A major step towards achieving robust fallbacks was reached when ISDA's new fallback provisions and associated protocol came into effect on 25 January this year. If a particular LIBOR was to become unavailable, these fallback provisions provide for that LIBOR to be replaced with the relevant risk-free rate plus a spread based on its past differences from LIBOR. With the LIBOR end-date announcements earlier this month, this spread has now been set for all LIBOR tenors.[4]

All new ISDA interest rate derivatives contracts referencing LIBOR now automatically include these fallbacks. So do all outstanding ISDA contracts where both parties have signed the associated ISDA protocol. More than 13,000 firms have now signed the protocol, including 70 in Australia. Overall, it is estimated that more than 90 per cent of the US$260 trillion in derivative contracts that reference LIBOR are covered by the ISDA fallbacks. This is a massive achievement, but there is more work to do.

Regulators globally – including ASIC, APRA and the Reserve Bank – are strongly encouraging financial institutions and corporations that use derivatives contracts referencing LIBOR to review and, wherever practical, adhere to the ISDA protocol.[5] So if you haven't already signed the protocol, we'd urge you to do so as soon as possible.

There is also a lot of good work going on across industry to develop robust fallbacks for non-derivatives products. This must proceed in a timely way so that these other contracts are also protected when LIBOR ends after 2021.

Some more details

Last year the FSB published a Global Transition Roadmap. This describes all of the steps involved and the relevant timelines for financial market participants.[6] For example:

  • By now you should have identified and assessed all existing LIBOR exposures and be following a detailed plan to manage your transition before the end of 2021.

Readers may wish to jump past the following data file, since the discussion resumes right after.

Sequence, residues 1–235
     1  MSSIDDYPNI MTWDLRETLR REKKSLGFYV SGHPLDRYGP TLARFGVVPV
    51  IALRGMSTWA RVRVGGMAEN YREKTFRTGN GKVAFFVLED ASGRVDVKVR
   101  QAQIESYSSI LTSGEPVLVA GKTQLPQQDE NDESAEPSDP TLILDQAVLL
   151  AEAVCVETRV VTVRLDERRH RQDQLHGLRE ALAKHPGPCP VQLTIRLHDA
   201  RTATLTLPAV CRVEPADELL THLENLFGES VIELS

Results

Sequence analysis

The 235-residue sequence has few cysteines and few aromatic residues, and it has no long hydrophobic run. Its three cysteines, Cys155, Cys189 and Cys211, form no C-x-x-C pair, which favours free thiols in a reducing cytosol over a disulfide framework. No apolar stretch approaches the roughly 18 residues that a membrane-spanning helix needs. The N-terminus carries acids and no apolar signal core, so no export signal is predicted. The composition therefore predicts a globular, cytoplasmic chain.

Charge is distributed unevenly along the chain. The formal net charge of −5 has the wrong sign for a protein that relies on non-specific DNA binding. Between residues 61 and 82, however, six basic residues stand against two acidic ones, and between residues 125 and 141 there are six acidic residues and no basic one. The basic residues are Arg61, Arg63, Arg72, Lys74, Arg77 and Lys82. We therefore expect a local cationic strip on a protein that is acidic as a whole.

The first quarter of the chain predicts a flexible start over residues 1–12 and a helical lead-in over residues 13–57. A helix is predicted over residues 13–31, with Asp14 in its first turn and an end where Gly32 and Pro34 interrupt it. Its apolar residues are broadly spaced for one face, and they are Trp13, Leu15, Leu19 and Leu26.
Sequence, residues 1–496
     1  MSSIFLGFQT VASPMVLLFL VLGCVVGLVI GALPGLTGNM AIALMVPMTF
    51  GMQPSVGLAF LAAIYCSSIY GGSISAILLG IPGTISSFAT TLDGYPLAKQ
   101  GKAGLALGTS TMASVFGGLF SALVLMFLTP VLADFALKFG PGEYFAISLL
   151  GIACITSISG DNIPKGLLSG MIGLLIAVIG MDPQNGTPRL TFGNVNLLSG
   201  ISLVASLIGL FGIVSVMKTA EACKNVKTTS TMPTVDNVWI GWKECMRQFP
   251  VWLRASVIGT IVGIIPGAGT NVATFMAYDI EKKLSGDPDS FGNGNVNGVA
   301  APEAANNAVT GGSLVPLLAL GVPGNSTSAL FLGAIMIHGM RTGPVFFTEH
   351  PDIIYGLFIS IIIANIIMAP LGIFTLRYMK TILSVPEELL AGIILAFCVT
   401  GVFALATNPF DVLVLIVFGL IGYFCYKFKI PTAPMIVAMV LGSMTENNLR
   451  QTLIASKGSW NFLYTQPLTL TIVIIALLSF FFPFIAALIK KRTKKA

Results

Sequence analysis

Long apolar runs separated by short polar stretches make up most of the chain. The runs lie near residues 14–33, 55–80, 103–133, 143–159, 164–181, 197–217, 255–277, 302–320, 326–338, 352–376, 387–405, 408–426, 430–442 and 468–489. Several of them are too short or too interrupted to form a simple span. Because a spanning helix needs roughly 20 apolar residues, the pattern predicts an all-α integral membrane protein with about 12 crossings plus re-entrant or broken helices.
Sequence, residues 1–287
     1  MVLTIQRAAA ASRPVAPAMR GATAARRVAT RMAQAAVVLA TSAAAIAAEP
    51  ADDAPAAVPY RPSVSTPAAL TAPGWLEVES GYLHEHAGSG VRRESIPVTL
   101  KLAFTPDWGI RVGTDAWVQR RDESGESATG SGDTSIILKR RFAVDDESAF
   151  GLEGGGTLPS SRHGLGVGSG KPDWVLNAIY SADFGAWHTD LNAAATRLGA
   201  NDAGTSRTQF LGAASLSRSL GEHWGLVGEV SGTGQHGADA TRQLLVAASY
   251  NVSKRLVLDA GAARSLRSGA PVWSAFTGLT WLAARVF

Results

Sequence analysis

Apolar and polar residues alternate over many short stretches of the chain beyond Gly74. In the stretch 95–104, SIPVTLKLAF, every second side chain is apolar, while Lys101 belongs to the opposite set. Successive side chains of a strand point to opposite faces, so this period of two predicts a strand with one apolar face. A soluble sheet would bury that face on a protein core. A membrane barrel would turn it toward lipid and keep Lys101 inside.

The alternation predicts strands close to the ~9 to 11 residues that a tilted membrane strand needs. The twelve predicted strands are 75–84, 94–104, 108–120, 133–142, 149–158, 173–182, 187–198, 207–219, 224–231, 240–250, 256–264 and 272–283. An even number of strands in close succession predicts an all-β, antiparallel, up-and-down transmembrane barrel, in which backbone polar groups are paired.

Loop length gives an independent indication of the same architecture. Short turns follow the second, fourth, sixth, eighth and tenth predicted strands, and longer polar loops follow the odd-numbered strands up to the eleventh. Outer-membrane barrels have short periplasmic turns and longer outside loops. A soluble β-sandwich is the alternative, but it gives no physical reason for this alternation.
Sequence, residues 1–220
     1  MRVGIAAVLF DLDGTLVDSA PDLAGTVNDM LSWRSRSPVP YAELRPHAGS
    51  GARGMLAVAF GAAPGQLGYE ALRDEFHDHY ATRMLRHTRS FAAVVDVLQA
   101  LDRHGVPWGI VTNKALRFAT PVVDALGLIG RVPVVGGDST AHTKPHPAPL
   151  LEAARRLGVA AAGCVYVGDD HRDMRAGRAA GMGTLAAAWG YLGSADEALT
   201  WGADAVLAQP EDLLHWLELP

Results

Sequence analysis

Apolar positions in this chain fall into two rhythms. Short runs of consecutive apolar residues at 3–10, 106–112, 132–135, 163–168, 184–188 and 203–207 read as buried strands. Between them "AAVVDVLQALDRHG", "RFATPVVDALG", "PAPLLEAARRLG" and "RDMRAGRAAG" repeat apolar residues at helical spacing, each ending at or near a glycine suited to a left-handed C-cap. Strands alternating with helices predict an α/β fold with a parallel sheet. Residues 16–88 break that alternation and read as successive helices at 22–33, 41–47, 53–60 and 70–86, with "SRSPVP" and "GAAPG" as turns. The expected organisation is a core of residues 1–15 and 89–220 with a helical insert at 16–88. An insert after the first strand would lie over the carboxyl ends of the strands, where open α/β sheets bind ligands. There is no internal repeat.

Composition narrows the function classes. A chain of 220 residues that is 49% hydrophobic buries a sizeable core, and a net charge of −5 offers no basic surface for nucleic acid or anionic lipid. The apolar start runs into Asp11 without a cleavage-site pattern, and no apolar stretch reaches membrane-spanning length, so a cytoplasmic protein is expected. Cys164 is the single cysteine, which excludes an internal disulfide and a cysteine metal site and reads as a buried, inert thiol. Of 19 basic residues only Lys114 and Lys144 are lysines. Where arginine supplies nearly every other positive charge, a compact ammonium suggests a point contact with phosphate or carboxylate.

• Financial institutions should already be offering non-LIBOR linked loans to their customers. If your bank is not doing so, ask why. If you are not satisfied, find a bank which does offer such products.
  • Firms should also adhere, if they haven't already, to the ISDA IBOR fallbacks protocol.
  • By the middle of this year, firms should have established formal plans to amend legacy contracts where this can be done.
  • They also need to have implemented the necessary changes to their systems and processes to enable transition to robust alternative rates.

ASIC, APRA and the Reserve Bank have published a more detailed checklist of the range of things you need to include in your transition plans.[7] If you follow these steps in a timely manner, your institution will be ready for the end of LIBOR.

Banks' LIBOR transition plans are proceeding. Progress in stakeholder education and the required changes to contracts, systems and processes is in train. It was very pleasing to see overall notional exposures to LIBOR declining over the course of 2020 for the key Australian institutions. It was disappointing though to see that exposures had increased at some individual institutions. That needs to reverse course over the next 9½ months. Regulators everywhere – including in Australia – will be taking action as required to ensure that risks are appropriately managed.

Key LIBOR messages

In short, by the end of 2021, institutions must have already transitioned to alternative reference rates, and for existing contracts where that's not possible, robust fallback provisions must be in place to make clear what the replacement rate will be when LIBOR ends. Any firms that have not done this will, on the 1 January 2022, be facing the prospect of significant disruption to their contracts and operations. This could lead to more widespread disruption through the financial system.[8] Regulators will therefore be keeping a close eye on progress between now and then to ensure that the necessary work is completed on time.